Special teams play a significant role in any NHL team’s success. The New Jersey Devils have one of the best penalty kills in the league. But the same can’t be said for a struggling power play, which has been ice-cold for the last month. With five wins in their last 22 games, their power play is adding to the misery of what is becoming a trying season.
The Devils Aren’t Generating Enough
The Devils’ power play got off to a hot start. They converted on 14 of their first 51 opportunities but are two for their last 35. Despite the strong start, there was cause for concern. The Devils had the 26th-worst Corsi-for per 60 minutes (CF/60) in the NHL over their first 51 opportunities. They also had the ninth-worst expected goals for per 60 minutes (xGF/60).
The Devils were the beneficiaries of Kyle Palmieri’s early-season scoring tear. He had five of their 14 power-play goals and was part of the reason the Devils shot 21.43 percenton the power play. He’s since cooled off, and the Devils’ shot and scoring chance rates have not improved to the level needed.
They have the 13th-best CF/60 over their 2-for-35 stretch, which is an improvement, but they’re still not generating the scoring chances they need to. The Devils are averaging 38.04 scoring chances for per 60 minutes (SCF/60), ranked sixth-worst in the NHL. Their xGF/60 has also dropped from 6.48 to 6.11.
Rick Kowalsky was hired to take over Geoff Ward’s spot as the power-play specialist on Devils head coach John Hynes’ staff. And so far, he has not been able to improve their results. For the season, the Devils have the 25th-best CF/60, 23rd-best xGF/60, and the 29th-best SCF/60. Those numbers aren’t far off where they finished last season when their CF/60, xGF/60, and SCF/60 were 26th, 20th, and 21st respectively in the NHL.
What Else Hampers the Devils’ Power Play?
There are a few reasons the Devils’ power play woes go beyond the stats, some of which boil down to personnel decisions, as well as players who are underperforming. There’s also a noticeable difference in the level of skill between their two units.
The Devils’ first unit consists of Palmieri, Taylor Hall, Marcus Johansson, Nico Hischier, and Will Butcher. That looks pretty good on paper, but Butcher’s struggles are concerning. His scoring rates are down a bit, but it’s his shooting rates that are more of a problem. He has just 10 shots on goal on the power play. If he doesn’t become more of a threat to shoot, opposing teams will continue to have successful penalty kills.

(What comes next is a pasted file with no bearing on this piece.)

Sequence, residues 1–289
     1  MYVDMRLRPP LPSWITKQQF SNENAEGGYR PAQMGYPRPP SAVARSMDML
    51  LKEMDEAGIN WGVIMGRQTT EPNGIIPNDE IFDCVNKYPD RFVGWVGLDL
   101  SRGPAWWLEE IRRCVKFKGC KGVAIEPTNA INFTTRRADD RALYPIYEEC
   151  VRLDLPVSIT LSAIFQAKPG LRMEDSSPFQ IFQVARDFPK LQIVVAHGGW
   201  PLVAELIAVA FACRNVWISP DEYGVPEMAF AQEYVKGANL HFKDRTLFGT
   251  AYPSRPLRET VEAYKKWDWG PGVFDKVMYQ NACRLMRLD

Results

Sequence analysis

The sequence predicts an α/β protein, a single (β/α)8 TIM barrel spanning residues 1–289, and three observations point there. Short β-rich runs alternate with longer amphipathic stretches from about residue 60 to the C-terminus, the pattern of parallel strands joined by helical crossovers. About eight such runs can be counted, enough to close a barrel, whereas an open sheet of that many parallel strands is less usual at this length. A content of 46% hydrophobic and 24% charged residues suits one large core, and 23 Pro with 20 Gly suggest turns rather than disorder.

Another issue hurting the Devils is how they deploy their first unit. More often than not, Palmieri and Hall will set up on their strong side. The Devils’ early-season power-play success came when Palmieri was playing in the Ovechkin spot, meaning he set up at the top of the left circle in position for one-timers. They’ve gone back to that in recent games, so the hope is it begins to pay off again.
The Devils’ second power-play unit has also been a problem. They don’t get much production from a unit that sometimes consists of Brian Boyle and Pavel Zacha. Jesper Bratt’s return to the lineup has helped a bit, but they still need more skill on the second unit. That is something they will need to figure out to help get a more productive man advantage.
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What if the Devils’ Power Play Doesn’t Improve?
There’s a pretty simple answer to this question. It’ll cost them wins, as was the case against the Washington Capitals this past Friday. And while their power play has been terrible, their performance at 5-on-5 has been better. They have the seventh-best 5-on-5 xGF% in the NHL this season, so they’re doing what they need to at full strength.
There is some reason to believe the Devils’ power play can get going, even if the shot and chance rates don’t improve. Their team shooting percentage is 3.7 percent over their last 35 power-play opportunities, ranked worst in the league by a comfortable margin.
The Devils better hope that luck changes soon because at 9-12-5, it’s getting late early in the season. They’ve been good enough at 5-on-5 where if their power play starts scoring, it could give them a significant lift. That may be how they change their season, and what helps them get back in a Metropolitan Division where no one seems ready to pull away.
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Alex Chauvancy is a New Jersey Devils writer for The Hockey Writers who has a penchant for advanced stats, prospects, signings and trades. He previously wrote for Devils Army Blog, a New Jersey Devils fan blog, from 2015-2017